The threat of a full-blown U.S.-China trade war is having less impact on both investor sentiment and stock prices than might be expected, judging by double-digit gains for the Nasdaq and modest but positive returns for the S&P 500 so far this year.
To a large degree, the prospect of a wider trade conflict hasn’t been enough to untrack the market leaders that lifted Wall Street throughout the first half of 2018 — albeit with higher volatility.
Large-capitalization technology and internet stocks continue to hit new records. Meanwhile small-cap stocks, a group that is reliant on the domestic economy and is somewhat insulated from trade woes, rallied to all-time highs in the past week.
Read: Here’s the only worry about the big rally by small-cap stocks
The Nasdaq Composite COMP, -0.26% despite a modest weekly decline is trading near record levels set the previous week and is up about 12% since the start of the year, after a nearly 30% gain in 2017. The small-cap Russell 2000 index RUT, -0.20% is up about 10% since the start of the year, adding to a 14% gain last year.
Meanwhile, the large-cap S&P 500 SPX, +0.19% SPX, +0.19% — the U.S. stock benchmark — is up 3% over the past six months, leaving it 4% below the record set in late January.
The market’s inability to gain what some analysts have termed “escape velocity” is largely due to trade-related headlines. In addition to the battle with China, President Donald Trump on Friday tweeted that he’s considering 20% tariffs on imports of European autos.
Check out: Trade-war tracker: Here are the new levies, imposed and threatened
Stock-market bulls said it isn’t surprising to see the broader market lagging after a short-term shock.
“Just like a heart attack patient doesn’t get right up off the gurney and run the 100-yard dash, the stock market is likely going to have to convalesce for a few sessions without much further downside,” said Jeffrey Saut, chief investment strategist at Raymond James in a Friday note.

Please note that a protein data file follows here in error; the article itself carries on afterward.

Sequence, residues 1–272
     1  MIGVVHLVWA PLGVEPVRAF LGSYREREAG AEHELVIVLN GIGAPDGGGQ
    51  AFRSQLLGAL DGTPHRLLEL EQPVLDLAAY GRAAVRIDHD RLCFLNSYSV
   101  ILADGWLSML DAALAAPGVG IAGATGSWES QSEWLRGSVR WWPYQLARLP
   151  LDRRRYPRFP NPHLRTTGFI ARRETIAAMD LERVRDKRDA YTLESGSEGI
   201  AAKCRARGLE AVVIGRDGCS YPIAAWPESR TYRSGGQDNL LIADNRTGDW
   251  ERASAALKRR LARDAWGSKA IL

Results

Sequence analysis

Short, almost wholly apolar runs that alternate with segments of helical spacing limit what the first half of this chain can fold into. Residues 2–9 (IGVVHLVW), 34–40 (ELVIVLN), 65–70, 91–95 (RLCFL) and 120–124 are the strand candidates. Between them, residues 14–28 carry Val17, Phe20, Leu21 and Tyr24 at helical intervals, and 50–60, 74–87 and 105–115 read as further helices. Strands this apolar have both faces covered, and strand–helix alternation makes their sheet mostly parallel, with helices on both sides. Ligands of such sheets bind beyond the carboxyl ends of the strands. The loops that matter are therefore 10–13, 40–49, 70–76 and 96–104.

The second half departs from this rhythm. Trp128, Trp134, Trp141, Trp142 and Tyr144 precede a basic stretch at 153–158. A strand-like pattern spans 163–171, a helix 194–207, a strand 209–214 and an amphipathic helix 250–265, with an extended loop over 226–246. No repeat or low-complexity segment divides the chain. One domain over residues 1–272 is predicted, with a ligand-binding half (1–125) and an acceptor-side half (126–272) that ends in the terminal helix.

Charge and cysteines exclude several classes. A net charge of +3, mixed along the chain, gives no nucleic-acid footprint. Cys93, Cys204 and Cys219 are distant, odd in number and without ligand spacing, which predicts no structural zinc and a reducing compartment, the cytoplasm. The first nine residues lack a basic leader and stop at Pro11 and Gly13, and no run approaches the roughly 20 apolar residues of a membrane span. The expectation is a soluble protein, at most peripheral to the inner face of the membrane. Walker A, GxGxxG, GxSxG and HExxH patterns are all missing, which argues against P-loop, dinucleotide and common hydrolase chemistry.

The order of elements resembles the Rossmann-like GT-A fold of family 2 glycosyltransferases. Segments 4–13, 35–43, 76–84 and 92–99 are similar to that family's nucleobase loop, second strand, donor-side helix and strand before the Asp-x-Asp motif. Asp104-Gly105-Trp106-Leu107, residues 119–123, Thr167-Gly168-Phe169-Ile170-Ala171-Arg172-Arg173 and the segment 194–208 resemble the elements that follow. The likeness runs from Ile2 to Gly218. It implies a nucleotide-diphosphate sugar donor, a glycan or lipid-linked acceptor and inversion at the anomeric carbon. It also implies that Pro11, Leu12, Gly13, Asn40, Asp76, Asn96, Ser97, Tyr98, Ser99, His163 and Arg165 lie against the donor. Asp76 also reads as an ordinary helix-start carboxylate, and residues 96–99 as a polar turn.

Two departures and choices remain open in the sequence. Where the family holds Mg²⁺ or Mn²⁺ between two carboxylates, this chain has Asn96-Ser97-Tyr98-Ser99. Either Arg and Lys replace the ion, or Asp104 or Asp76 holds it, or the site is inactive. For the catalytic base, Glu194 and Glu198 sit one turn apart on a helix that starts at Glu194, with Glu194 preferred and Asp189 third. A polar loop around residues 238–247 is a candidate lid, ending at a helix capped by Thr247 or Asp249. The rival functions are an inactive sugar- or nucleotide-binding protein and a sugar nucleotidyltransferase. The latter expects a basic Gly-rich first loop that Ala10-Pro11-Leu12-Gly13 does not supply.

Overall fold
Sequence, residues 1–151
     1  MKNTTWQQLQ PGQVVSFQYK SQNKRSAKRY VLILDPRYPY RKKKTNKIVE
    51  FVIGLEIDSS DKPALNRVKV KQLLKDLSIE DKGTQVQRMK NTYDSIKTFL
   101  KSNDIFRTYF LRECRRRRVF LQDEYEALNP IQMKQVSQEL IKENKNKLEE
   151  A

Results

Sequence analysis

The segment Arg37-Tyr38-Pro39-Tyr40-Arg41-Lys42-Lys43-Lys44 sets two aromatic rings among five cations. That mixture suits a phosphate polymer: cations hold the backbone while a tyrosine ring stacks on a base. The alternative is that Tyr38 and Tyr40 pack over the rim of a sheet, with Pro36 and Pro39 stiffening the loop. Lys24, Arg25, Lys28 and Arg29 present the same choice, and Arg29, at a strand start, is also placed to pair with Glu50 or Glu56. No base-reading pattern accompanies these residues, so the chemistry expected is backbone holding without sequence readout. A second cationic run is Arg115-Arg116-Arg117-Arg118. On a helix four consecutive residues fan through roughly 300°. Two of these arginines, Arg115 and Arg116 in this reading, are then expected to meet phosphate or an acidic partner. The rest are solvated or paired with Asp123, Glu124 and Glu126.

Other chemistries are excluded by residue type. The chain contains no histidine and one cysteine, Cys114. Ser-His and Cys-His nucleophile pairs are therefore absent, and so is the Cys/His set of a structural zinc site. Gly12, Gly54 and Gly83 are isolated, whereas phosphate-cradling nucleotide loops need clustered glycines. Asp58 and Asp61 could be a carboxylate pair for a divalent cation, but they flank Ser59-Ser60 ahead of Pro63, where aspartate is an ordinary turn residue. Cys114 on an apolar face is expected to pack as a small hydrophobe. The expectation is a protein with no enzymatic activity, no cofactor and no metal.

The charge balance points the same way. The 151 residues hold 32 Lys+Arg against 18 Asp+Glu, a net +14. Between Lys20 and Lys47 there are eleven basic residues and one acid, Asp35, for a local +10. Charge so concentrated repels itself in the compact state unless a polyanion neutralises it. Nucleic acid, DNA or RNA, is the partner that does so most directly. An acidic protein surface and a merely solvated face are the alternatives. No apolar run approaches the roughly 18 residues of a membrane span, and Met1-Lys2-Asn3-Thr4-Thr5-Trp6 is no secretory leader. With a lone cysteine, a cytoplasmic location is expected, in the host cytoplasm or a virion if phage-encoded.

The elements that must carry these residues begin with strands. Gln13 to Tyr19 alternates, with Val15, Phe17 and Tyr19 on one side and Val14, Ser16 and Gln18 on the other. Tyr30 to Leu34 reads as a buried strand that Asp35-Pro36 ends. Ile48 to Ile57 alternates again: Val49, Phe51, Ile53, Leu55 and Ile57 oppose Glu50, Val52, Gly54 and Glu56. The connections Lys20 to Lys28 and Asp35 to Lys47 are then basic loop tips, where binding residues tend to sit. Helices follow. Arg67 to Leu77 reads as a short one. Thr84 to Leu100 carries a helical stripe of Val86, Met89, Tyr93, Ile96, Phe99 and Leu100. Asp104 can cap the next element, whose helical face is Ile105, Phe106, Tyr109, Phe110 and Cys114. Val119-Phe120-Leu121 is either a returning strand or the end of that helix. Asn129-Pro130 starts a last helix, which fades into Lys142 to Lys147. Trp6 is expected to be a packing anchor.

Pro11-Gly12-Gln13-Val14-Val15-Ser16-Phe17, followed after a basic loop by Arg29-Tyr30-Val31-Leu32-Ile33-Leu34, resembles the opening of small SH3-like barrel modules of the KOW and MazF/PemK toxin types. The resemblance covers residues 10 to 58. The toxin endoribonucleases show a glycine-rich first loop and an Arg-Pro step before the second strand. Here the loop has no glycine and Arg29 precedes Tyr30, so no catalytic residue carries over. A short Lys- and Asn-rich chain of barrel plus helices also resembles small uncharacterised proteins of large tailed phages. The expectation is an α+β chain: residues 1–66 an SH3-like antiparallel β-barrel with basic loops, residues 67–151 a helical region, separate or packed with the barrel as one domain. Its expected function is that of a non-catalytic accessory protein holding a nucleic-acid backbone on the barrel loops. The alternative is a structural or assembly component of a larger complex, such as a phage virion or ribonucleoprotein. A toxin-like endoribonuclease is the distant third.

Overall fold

The Dow on Friday snapped an eight-day losing streak, its longest since March 2017, but ended the week with a 2% decline, while the S&P 500 saw a 0.9% weekly decline and the Nasdaq fell 0.7%. Despite the weekly drop, the trade issue hasn’t soured investors on stocks.
According to the American Association of Individual Investors sentiment survey, 38.7% of those polled describe themselves as bullish on the market, meaning they expect prices to be higher in six months.
This is down 6.1 percentage points from the previous week, but it remains roughly even with the historical average, of 38.5%. And while the ratio of bearish investors rose 4.5 percentage points, only 26.2% of investors describe themselves that way, below the historic average of 30.5%.
There are good reasons for equity investors to be upbeat — earnings are up by double-digits and the underlying economy is expanding at a healthy clip thanks to a tailwind from the tax cuts signed into law late last year. Such an environment should support prices for the rest of the year, according to Emily Roland, head of capital markets research at John Hancock Investments.
Trade tensions, however, continue to dominate headlines. And the threat of a wider trade war hasn’t escaped the attention of central bankers, several of whom, including the Federal Reserve Chairman Jerome Powell and the European Central Bank President Mario Draghi, on Wednesday warned that a trade war could push the global economy into a ditch.
See: Why a major trade war could mean a ‘full-blown recession’
While the concerns weighed on Wall Street, it hasn’t yet proved the bull-market killer that some fear.
Even the Dow’s DJIA, +0.49% eight-day slump was very relatively mild—only about 3% from peak to trough.
According to LPL Research senior market strategist Ryan Detrick, the fact that the Dow remained above its 200-day moving average amid a long slump is a good sign for the bulls as the index tends to bounce back over the following three months 80% of the time in these scenarios.
Next week’s economic releases aren’t likely to move the market, though they are likely to reinforce the existing picture of the healthy economy.
On Monday, consumer confidence and housing index data are due for release. On Tuesday, investors will get durable goods orders and data on trade and pending home sales. Personal income, as well as Chicago PMI and consumer sentiment data are due on Friday.
Investors will also hear from a number of Fed officials, with Atlanta Fed President Raphael Bostic and Dallas Fed President Rob Kaplan speaking at separate events on Monday. On Wednesday, Randal Quarles, Fed vice chairman for bank supervision, delivers a speech on international bank regulation at an event in Sun Valley, Idaho, while Boston Fed President Eric Rosengren speaks at an event in Washington, D.C. On Thursday, St. Louis Fed President James Bullard participates in a moderated conversation on the economy and monetary policy.